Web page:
There is good evidence that patients with migraine with aura but not without aura have about a twofold increased risk of stroke. Why this is so, however, is not known. According to a new study, the cause may be cardiac embolism. Patients from the ARIC study of over 15,000 participants, aged 45 to 64 years who had migraine and stroke, were identified. The mean age of the patients was 59 years. Those with migraine with visual aura had increased risk of cardioembolic ischemic stroke of almost fourfold. Those with migraine without aura did not.
Cardioembolism was diagnosed if records showed evidence of heart valve disease, a recent intracardiac thrombus, bacterial endocarditis, cardiac arterial procedure, and especially paroxysmal atrial fibrillation or flutter. Patent foramen ovale was not considered a cardioembolic source. The role of PFO in causing ischemic stroke in patients older than 55 is controversial. It is seen on autopsy in 25% of the general population, though perhaps 50% of patients with “cryptogenic stroke” may have PFO seen on transesophageal echocardiogram.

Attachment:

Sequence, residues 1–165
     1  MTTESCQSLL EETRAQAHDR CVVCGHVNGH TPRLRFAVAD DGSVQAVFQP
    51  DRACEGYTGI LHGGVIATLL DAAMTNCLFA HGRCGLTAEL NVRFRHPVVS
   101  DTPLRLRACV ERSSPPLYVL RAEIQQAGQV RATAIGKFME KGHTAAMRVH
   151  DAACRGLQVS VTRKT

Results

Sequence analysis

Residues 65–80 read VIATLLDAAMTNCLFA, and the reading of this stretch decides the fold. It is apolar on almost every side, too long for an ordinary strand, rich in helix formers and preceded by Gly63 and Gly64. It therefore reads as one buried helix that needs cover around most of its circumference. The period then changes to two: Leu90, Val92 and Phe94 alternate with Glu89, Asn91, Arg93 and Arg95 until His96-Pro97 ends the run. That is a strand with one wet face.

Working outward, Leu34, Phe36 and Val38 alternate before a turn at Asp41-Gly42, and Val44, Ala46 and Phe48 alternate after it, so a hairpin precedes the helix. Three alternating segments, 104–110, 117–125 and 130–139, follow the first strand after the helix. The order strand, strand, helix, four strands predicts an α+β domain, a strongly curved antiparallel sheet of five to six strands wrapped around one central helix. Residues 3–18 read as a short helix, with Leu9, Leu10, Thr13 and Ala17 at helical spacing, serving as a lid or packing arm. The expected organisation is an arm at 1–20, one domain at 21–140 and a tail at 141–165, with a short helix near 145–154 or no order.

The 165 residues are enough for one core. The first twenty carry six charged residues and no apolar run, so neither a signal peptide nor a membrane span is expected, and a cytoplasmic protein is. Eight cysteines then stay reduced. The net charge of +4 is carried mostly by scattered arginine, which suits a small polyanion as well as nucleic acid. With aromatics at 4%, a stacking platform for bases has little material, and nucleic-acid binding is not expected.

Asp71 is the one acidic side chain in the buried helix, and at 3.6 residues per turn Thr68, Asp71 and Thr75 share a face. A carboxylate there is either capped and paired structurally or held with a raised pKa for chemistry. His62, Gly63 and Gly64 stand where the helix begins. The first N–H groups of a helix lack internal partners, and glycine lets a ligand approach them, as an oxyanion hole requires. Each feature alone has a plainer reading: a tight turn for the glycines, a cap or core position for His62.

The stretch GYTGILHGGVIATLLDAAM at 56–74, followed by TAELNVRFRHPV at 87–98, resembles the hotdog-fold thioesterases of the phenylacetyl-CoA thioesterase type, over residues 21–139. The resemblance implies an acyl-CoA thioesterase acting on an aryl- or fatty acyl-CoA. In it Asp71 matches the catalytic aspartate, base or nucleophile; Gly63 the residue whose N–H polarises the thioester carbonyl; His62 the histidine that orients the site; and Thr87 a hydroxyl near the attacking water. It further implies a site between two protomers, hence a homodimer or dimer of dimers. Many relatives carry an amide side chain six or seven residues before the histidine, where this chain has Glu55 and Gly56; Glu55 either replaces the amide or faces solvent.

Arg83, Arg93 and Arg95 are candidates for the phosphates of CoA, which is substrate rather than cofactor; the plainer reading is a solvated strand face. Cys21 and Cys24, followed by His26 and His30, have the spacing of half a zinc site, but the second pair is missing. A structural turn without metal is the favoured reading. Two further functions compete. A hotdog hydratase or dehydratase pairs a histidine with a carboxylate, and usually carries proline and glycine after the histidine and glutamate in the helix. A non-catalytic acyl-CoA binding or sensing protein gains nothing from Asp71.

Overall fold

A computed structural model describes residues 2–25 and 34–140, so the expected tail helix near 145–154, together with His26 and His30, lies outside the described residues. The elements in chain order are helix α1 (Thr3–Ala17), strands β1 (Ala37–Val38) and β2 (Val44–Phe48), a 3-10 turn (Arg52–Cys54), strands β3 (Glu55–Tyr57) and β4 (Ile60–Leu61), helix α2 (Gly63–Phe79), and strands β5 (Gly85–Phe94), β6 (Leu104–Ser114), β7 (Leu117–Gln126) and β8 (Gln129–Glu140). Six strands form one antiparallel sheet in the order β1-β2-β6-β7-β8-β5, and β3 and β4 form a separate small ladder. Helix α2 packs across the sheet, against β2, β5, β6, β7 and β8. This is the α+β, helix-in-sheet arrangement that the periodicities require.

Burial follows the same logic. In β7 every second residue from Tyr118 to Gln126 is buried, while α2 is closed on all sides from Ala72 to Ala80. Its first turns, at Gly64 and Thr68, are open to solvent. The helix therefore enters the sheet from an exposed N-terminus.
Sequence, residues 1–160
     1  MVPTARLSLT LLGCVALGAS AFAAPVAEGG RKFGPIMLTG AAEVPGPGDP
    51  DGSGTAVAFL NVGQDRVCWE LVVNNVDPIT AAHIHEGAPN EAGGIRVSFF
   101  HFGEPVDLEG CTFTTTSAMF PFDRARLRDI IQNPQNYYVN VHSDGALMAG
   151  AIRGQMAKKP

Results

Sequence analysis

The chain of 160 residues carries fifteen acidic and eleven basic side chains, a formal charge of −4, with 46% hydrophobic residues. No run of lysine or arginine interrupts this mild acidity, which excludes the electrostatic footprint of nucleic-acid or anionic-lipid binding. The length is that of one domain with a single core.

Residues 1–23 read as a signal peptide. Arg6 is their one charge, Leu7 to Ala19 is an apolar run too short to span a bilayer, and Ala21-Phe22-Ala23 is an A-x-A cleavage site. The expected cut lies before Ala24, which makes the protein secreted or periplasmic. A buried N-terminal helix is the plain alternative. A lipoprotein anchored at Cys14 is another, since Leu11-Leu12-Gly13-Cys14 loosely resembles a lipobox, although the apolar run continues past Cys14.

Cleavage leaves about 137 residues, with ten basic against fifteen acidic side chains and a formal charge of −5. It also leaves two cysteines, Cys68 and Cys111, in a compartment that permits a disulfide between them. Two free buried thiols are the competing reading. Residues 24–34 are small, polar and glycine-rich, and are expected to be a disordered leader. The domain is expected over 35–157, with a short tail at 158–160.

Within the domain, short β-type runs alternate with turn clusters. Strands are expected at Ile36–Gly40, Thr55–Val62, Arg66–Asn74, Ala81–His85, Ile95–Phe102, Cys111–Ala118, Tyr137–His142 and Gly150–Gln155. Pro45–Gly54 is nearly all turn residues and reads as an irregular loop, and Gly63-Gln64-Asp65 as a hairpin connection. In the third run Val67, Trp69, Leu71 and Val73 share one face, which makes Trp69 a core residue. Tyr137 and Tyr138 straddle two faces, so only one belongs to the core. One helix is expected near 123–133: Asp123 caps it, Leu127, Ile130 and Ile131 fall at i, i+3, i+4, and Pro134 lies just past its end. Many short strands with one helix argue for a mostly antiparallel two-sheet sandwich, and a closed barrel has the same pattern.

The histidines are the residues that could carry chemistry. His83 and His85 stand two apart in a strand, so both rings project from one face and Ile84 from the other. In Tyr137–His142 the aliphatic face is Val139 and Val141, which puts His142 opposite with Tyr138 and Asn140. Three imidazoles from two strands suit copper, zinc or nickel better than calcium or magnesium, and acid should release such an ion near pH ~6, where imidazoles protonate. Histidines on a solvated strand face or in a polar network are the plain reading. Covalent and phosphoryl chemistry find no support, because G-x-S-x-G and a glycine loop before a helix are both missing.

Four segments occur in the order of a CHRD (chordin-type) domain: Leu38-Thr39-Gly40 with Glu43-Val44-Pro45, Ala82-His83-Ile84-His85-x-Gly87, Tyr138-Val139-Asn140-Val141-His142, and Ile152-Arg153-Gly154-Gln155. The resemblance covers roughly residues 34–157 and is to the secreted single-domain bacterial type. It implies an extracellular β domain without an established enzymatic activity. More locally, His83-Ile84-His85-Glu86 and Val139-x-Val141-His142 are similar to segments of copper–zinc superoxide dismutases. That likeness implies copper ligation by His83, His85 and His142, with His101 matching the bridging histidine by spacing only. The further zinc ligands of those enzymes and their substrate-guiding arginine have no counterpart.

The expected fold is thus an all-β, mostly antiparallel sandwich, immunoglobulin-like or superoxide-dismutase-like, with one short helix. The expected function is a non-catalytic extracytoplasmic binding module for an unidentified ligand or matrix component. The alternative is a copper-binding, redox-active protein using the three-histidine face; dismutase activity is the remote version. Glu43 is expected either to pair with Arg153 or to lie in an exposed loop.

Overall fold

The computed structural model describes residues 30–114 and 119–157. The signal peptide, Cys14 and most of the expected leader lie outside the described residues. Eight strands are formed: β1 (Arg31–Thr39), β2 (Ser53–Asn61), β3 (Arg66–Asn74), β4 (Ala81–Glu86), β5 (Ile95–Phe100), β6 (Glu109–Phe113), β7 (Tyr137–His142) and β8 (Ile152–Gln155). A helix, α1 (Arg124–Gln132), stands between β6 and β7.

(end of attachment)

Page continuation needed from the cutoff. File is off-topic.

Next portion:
The authors propose several mechanisms. Migraine with visual aura may promote vasospasm, activate platelet aggregation, and increase concentration of pro-coagulant factors. Secondly, calcitonin gene-related peptide (CGRP), consistently elevated during a migraine attack, also can cause coronary vasodilatation. Perhaps that effect could trigger coronary blood flow or velocity changes and thus increase risk of atrial fibrillation.
Keep in mind that these results may not apply to people younger than 45. The important take-home message is that migraineurs who have visual aura and who have ischemic stroke of unknown cause may have significant probability of paroxysmal atrial fibrillation as the cause. Thus, it seems prudent that they undergo long-term cardiac monitoring, as findings would lead to anticoagulation, which would serve to lower risk of recurrent stroke.
See Neurology, December 13, 2016, pages 2504-2505 and 2527-2532.